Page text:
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2020 thru 2023 Wage Bases and Earnings Limits; Social Security & Medicare Benefit Info



2020 Cost-of-Living (COLA adjustment):   1.6%

--2020 Wage Base-Social Security Tax (6.2%):  $137,700

--2020 Wage Base-Medicare Tax (1.45%):   NO LIMIT

--2020 Social Security Earning Limit (before benefit reductions): 

  • Under Retirement Age    $18,240
  • Year of Retirement Age   $48,600



2021 Cost-of-Living (COLA adjustment):  1.3%

--2021 Wage Base-Social Security Tax (6.2%):   $142,800

--2021 Wage Base-Medicare Tax (1.45%):   NO LIMIT

--2021 Social Security Earning Limit (before benefit reductions):

  • Under Retirement Age      $18,960
  • Year of Retirement Age     $50,520


2022 Cost of Living (COLA adjustment):  5.9%

--2022 Wage Base-Social Security Tax (6.2%):   $147,000

--2022 Wage Base-Medicare Tax (1.45%):  NO LIMIT

--2022 Social Security Earning Limit (before benefit reductions):

  • Under Retirement Age            $19,560
  • Year of Full Retirement Age    $51,960



2023 Cost of Living (COLA adjustment):  8.7%

--2023 Wage Base-Social Security Tax (6.2%):  $160,200

--2023 Wage Base-Medicare Tax (1.45%):  NO LIMIT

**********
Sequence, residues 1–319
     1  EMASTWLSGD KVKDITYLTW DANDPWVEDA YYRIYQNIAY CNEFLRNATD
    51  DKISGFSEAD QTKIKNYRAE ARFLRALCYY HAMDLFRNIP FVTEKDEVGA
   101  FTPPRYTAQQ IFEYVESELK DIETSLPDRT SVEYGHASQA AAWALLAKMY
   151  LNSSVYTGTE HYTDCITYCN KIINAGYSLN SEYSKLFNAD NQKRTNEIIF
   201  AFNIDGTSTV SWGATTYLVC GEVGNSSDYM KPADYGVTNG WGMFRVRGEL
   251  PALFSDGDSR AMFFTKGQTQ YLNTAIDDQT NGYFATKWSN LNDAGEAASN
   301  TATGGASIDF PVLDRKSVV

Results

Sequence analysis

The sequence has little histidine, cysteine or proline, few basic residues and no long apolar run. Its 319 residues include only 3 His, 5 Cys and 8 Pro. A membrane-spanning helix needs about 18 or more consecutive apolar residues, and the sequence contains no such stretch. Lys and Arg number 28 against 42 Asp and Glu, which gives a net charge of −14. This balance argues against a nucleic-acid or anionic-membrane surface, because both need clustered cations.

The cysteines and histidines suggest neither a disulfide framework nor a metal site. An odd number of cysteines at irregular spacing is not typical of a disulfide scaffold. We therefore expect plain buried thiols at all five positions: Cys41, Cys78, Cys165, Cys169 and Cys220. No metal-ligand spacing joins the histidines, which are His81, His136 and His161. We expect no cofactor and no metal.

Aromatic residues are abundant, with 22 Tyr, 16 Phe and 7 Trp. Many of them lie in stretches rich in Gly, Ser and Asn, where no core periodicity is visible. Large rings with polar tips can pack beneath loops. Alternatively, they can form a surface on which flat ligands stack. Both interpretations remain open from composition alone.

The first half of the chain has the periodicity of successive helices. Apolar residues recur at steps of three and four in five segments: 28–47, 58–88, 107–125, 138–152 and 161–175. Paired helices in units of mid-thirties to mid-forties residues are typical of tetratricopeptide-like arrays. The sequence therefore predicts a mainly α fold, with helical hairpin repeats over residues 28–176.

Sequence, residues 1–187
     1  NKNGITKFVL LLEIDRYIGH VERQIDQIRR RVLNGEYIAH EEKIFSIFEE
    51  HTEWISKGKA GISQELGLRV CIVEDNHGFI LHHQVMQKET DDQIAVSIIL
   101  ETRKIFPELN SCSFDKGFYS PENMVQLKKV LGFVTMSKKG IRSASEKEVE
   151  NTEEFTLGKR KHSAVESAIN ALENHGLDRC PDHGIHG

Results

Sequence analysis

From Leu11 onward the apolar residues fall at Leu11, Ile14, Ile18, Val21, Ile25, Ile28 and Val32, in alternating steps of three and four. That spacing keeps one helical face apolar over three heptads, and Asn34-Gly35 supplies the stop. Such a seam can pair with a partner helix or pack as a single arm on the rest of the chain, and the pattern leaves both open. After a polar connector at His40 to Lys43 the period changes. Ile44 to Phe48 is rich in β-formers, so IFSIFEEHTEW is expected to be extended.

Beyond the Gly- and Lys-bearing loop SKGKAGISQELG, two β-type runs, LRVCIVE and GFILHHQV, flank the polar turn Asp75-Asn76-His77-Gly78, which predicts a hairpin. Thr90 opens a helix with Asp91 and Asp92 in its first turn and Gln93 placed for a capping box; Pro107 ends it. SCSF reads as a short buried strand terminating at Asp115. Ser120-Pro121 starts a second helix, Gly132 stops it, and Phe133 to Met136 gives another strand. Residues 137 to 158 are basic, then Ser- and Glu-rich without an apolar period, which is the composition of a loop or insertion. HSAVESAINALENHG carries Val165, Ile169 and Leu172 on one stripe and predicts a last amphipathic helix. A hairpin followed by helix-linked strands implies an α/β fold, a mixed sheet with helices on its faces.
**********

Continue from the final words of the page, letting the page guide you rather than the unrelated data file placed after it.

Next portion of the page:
--2023 Social Security Earning Limit (before benefit reductions):

  • Under Retirement Age             $21,240
  • Year of Full Retirement Age    $56,520


Estimating Social Security Benefits:

An estimate of Social Security benefits is available at  There are calculators that estimate potential benefit amounts using assumptions about retirement dates and different levels of future earnings.  The calculators show retirement benefits as well as disability and survivor benefit amounts.

Social Security Credits:

A person becomes insured (eligible for Social Security benefits) by acquiring a certain number of credits.  Wage earners and self-employed taxpayers earn one credit for each $1,640 of earnings in 2023, up to a maximum of four credits per year.  For example, if a worker earns $6,560 in the first two months of 2023, he receives four credits (4 x $1,640) for 2023.

Employees acquire credits by working in employment covered by Social Security for years after 1936.  Self-employed taxpayers acquire credits of coverage by paying SE tax in years after 1950 (certain trades have a first year of coverage later than 1950).  If employment ends before enough credits are earned, no benefits are payable.  If employment resumes in later years, past credits earned are combined with current credits earned in determining eligibility for benefits.

In most cases, a worker needs 40 credits (10 years of work) to be eligible for Social Security retirement benefits.  Exceptions apply for workers who become disabled or die.

NOTE:  Credits are only used to determine eligibility for coverage and have no effect on the amount of benefits payable.

NOTE2:  The maximum Social Security benefit for a worker who starts taking benefits at FRA is $3,345 per month (for 2022).   The actual amount depends on a formula that considers the worker's lifetime earnings.

Months Benefits are Not Payable:

  • The month of the person's death (for worker's benefits only; survivors' benefits begin in the month of the worker's death).